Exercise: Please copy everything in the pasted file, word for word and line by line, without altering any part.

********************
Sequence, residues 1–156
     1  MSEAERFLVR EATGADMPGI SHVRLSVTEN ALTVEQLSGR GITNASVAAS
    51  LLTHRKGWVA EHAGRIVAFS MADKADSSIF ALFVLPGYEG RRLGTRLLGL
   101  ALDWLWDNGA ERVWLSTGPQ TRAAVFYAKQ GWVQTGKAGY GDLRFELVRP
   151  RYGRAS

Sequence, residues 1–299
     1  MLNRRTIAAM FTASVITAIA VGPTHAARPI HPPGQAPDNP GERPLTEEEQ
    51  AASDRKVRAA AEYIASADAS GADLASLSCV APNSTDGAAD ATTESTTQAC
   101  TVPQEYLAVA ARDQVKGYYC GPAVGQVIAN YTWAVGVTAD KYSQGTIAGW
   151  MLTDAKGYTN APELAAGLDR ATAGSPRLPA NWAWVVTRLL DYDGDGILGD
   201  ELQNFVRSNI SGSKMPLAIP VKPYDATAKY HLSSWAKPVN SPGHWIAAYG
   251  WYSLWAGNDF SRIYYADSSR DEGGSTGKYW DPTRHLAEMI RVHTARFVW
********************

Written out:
Sequence, residues 1–156
     1  MSEAERFLVR EATGADMPGI SHVRLSVTEN ALTVEQLSGR GITNASVAAS
    51  LLTHRKGWVA EHAGRIVAFS MADKADSSIF ALFVLPGYEG RRLGTRLLGL
   101  ALDWLWDNGA ERVWLSTGPQ TRAAVFYAKQ GWVQTGKAGY GDLRFELVRP
   151  RYGRAS

Sequence, residues 1–299
     1  MLNRRTIAAM FTASVITAIA VGPTHAARPI HPPGQAPDNP GERPLTEEEQ
    51  AASDRKVRAA AEYIASADAS GADLASLSCV APNSTDGAAD ATTESTTQAC
   101  TVPQEYLAVA ARDQVKGYYC GPAVGQVIAN YTWAVGVTAD KYSQGTIAGW
   151  MLTDAKGYTN APELAAGLDR ATAGSPRLPA NWAWVVTRLL DYDGDGILGD
   201  ELQNFVRSNI SGSKMPLAIP VKPYDATAKY HLSSWAKPVN SPGHWIAAYG
   251  WYSLWAGNDF SRIYYADSSR DEGGSTGKYW DPTRHLAEMI RVHTARFVW